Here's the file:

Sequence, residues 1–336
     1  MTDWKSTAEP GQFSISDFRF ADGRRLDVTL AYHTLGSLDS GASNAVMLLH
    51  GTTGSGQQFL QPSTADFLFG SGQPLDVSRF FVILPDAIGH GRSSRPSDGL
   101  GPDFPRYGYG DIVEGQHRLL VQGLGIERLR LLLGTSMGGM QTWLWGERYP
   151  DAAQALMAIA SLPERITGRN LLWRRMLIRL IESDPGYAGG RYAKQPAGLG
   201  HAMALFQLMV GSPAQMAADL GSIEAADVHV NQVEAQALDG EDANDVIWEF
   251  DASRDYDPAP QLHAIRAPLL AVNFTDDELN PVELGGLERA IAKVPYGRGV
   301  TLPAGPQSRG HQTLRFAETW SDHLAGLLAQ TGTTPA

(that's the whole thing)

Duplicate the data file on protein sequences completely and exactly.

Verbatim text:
Sequence, residues 1–336
     1  MTDWKSTAEP GQFSISDFRF ADGRRLDVTL AYHTLGSLDS GASNAVMLLH
    51  GTTGSGQQFL QPSTADFLFG SGQPLDVSRF FVILPDAIGH GRSSRPSDGL
   101  GPDFPRYGYG DIVEGQHRLL VQGLGIERLR LLLGTSMGGM QTWLWGERYP
   151  DAAQALMAIA SLPERITGRN LLWRRMLIRL IESDPGYAGG RYAKQPAGLG
   201  HAMALFQLMV GSPAQMAADL GSIEAADVHV NQVEAQALDG EDANDVIWEF
   251  DASRDYDPAP QLHAIRAPLL AVNFTDDELN PVELGGLERA IAKVPYGRGV
   301  TLPAGPQSRG HQTLRFAETW SDHLAGLLAQ TGTTPA